Binghamton school district reconsiders closing elementary school

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Parents and school staff at a recent Binghamton City School District board meeting applauded speakers who criticized the district's plan to permanently close an elementary school. (Megan Zerez/WSKG)

The Binghamton City School District is reconsidering a proposal to shutter one of the city’s seven elementary schools. After pushback by parents, the district is now considering renovating the aging schools and keeping them all open.

Amy Zieziula was one of about 30 people present at a Binghamton City School District Board of Education Meeting Tuesday.

“I’m going to speak on behalf a lot of parents that couldn’t come tonight; they said ‘Make sure they don’t close any of the schools,'” Zieziula said. “This is what we’ve been saying for months now.”

Zieziula’s children attend one of the four elementary schools the district has identified for potential closure — Horace Mann, Thomas Jefferson, Theodore Roosevelt and Woodrow Wilson Elementary schools.

The proposed closures are part of the district’s “feasibility study,” a long term plan to consolidate classes and reduce costs.

Like many school districts in Broome County, Binghamton City School District has seen a slow but steady decline in enrollment over the past five years. (Not all districts lost students; Chenango Valley and Vestal both saw modest gains.)

Enrollment in Binghamton City School District saw large drops in 2020 and 2021, but the decline predates the pandemic. State education data also shows the average class in the district has about 12 students, slightly below the state average of 15. 

Fewer students means less state and federal education funding.

The district cautioned that several schools will require major renovations if they remain open, including asbestos abatement.

Sidney Dement, a parent of students in the district, said he’s glad the district will now consider keeping all the schools open. He said he’s still not convinced that decommissioning a school is the best option.

“The reason we’re in this situation is that for decades, that community has been neglected,” Dement said. “So we need to rebuild. But you can’t just say we need to decommission a school in order to rebuild another one. There has to be a bit a better vision.”

The school that needs the most work is Theodore Roosevelt Elementary on Binghamton’s north side. It would cost $2.3 million in local funds to keep it open – nearly double what it would cost locally to renovate any of the other schools. The total cost to renovate Roosevelt is $45 million, but New York State would foot 95% of the bill.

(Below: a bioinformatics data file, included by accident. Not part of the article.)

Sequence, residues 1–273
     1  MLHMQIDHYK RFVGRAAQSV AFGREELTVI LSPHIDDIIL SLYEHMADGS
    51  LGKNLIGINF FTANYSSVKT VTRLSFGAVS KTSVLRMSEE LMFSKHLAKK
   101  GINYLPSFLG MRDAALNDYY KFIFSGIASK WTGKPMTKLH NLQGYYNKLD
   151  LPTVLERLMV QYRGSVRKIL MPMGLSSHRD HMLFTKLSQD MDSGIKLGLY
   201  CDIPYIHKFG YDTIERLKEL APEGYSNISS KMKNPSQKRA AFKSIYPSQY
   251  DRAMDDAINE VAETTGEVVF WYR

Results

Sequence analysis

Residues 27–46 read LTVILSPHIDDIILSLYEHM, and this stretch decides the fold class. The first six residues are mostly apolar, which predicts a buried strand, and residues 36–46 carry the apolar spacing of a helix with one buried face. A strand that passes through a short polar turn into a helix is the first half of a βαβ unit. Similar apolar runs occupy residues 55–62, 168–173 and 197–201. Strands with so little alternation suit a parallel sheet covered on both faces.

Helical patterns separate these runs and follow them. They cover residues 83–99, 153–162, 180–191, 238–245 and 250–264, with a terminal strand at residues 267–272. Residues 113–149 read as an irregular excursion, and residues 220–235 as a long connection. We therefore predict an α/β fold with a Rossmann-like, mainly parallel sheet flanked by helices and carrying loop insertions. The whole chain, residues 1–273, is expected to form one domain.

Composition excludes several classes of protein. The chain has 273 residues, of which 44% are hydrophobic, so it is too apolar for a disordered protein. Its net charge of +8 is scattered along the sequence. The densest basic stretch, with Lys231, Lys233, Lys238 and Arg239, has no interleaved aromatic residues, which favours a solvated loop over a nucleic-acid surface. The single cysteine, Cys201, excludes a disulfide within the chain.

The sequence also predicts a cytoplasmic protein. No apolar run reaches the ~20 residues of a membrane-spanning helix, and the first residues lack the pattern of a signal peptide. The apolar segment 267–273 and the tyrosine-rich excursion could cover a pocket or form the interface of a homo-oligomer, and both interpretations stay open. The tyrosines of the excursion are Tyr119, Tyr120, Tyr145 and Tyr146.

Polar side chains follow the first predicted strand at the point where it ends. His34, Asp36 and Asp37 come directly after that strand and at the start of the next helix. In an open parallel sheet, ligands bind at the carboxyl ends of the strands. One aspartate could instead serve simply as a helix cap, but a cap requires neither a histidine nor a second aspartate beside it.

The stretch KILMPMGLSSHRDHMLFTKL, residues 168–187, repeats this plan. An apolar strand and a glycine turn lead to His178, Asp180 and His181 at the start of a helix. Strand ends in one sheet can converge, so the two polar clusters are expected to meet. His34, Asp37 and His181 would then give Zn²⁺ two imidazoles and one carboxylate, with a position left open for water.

State enrollment data shows Roosevelt serves some of the most disadvantaged students in the district and is also among the district’s lower performing schools. It also has the highest percentage of students of color among all of Binghamton’s elementary schools.

Board of Education President Brian Whalen said closing Roosevelt, while it would save the district the most, would negatively impact families who rely on the school to provide access to healthy meals.

“[The neighborhood] is already denoted as a as a food desert,” Whalen said. “And it would only remove another asset from that community.”

Whalen and other board members said they wanted to engage further with families before making a decision.

Parents have criticized the district for what they say is a lack of transparency and accessibility throughout the process, particularly for those who are unable to attend in person: Binghamton’s school board meetings are held solely in person; there is no streaming option.

The district did offer online streaming for a series of public forums last month, though there was limited opportunity for virtual attendees to ask questions and audio from the forums was largely unintelligible.

BCSD’s feasibility study also suggests other changes, like reconfiguring the city’s two middle schools to house 6th and 7th grades together at West Middle School and 8th and 9th grades at East. All of the district’s proposals and Feasibility Study materials online.

Binghamton’s school board said it will hold another round of in-person public forums across the city throughout September before making a final decision.